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Post by hunter S » Thu Jul 10, 2008 10:49 am

1.No
2.No
3.No
4.Yes,yes
5.No

I like yes & no Questions!
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Post by ragabashpup » Thu Jul 10, 2008 10:53 am

1) Do you concider BM an experiment in anarchy?
No I don't. It's really well organized and I don't think it fits into what true anarchy is.
2) Does Burningman distract you from gathering votes for/or devoting time to your political party of favor?
Of course not.
3) Have you found any true anarchistic settings at BM? Think of camps that work by consensus without central leadership or related ideas.
Nope
4) Would you like to live in a country with a multiple (more than bi) party based goverment? And if so: Would you see any way of getting this done in the US?
All the partys are really the same anyway.
5) In your perception, is Paul Addis' act in last years burn an act of true Anarchism?
No I don't think it was. I think it was just a poor deranged soul trying to do what he felt was right. I don't think it was anarchy just insanity.

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Post by oFZo » Fri Jul 11, 2008 12:03 pm

No, no, no, yes just like yourself, no.
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Re: Leftist retreat? Or anarchist training ground?

Post by Dork » Fri Jul 11, 2008 12:45 pm

1) It's an attempt at creating utopia, which started out in near anarchy. It has slowly and steadily moved away from this since.
2) I am at least as politically active since I started attending as I was before.
3) If the camp is big enough leaders and rules tend to emerge, official or not. Just like Burning Man itself.
4) I care more about what motivates candidates than how many different banners they carry. 8 parties all owned by the same masters are no better than 2.
5) Anarchy, arson, protest, art, madness, call it what you like.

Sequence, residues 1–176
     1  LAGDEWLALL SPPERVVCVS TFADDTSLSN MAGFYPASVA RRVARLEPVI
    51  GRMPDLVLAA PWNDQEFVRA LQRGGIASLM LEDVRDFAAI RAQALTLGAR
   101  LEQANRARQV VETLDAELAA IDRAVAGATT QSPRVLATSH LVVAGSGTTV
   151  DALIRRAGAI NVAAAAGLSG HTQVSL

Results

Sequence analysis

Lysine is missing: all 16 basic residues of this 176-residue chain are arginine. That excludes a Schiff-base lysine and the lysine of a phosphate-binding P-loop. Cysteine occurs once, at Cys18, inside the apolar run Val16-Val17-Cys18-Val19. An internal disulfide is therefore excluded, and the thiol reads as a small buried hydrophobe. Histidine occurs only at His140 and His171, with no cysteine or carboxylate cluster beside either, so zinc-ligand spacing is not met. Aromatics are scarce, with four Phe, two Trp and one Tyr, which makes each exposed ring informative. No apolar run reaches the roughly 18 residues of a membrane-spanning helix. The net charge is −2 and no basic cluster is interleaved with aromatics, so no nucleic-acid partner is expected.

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Post by lurker » Sat Jul 12, 2008 10:53 am

1) Do you concider BM an experiment in anarchy?
Since it exists within a non-anarchic society it can't be. Does it strip away a lot of the useless laws and mores we fetter ourselves with? Absolutely. Call it as much anarchy as we can get.
2) Does Burningman distract you from gathering votes for/or devoting time to your political party of favor?
Favor for parties? That's not anarchic--that's looking for a collar that doesn't chafe too much.
3) Have you found any true anarchistic settings at BM? Think of camps that work by consensus without central leadership or related ideas.
Consensus is not anarchy. Consensus is democracy. A 'true' anarchic setting is a camp comprised of individuals doing what they want. When group action occurs it occurs because the people in that group all WANT to do the group action. Any group action that occurs because the action NEEDS to happen is, by definition, not anarchic(the need becomes the 'arch', if you will).

A lot of camps come close, but need is always an undercurrent.
4) Would you like to live in a country with a multiple (more than bi) party based goverment? And if so: Would you see any way of getting this done in the US?
No. Two idiot political parties do enough damage. We need non-aligned people getting in and working to deliver more freedom, more liberty. BRC shows that A LOT of our laws are hindrances. Cleverly disguised intrusions into our freedoms designed to limit us

Look at the present energy crisis. It's designed to villagise us--and it comes along with a whole lot of propaganda about how 'local is better'(think of the recent tomato scare--just one thing among many). A villagised population is easier to control.

And what happens when they've priced transportation so far out of the reach of the people that BM becomes an American-only event? Well, the ultra-rich will still be able to attend from abroad, but what'll happen to BRC?

We've taken so many strides towards a real global society--and now they want us to help them hack our legs off.
5) In your perception, is Paul Addis' act in last years burn an act of true Anarchism?
Yes. Too bad it wasn't followed but a similar retaliatory one. But the State thinks we're too stupid to have justice in our hands and we all waddle along, nodding in agreement.